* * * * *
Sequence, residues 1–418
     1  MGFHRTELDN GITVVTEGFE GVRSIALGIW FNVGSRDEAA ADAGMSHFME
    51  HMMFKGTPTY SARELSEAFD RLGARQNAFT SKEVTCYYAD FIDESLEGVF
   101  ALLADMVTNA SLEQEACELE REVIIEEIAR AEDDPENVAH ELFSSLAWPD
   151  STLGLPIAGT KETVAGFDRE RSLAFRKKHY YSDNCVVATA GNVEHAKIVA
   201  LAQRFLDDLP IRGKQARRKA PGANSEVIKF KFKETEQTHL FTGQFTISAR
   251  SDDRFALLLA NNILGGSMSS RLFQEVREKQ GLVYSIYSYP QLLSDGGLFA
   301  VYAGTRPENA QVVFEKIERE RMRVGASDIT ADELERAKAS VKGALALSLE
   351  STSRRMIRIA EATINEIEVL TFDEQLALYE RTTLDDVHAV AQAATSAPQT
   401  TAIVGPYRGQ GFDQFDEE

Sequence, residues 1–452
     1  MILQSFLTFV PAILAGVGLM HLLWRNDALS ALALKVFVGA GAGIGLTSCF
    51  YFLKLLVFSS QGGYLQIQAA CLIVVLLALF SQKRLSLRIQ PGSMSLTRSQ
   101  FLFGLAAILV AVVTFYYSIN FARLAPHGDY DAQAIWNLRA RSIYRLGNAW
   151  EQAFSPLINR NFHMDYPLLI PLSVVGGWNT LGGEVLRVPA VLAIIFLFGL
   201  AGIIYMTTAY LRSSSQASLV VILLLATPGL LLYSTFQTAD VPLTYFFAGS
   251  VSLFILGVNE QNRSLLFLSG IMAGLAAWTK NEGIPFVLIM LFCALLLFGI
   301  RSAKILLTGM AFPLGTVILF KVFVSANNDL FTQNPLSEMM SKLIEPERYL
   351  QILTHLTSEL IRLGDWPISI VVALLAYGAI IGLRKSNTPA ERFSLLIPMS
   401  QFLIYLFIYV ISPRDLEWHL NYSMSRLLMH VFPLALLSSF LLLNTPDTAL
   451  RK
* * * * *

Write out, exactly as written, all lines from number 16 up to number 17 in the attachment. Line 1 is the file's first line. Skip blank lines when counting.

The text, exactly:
   201  AGIIYMTTAY LRSSSQASLV VILLLATPGL LLYSTFQTAD VPLTYFFAGS
   251  VSLFILGVNE QNRSLLFLSG IMAGLAAWTK NEGIPFVLIM LFCALLLFGI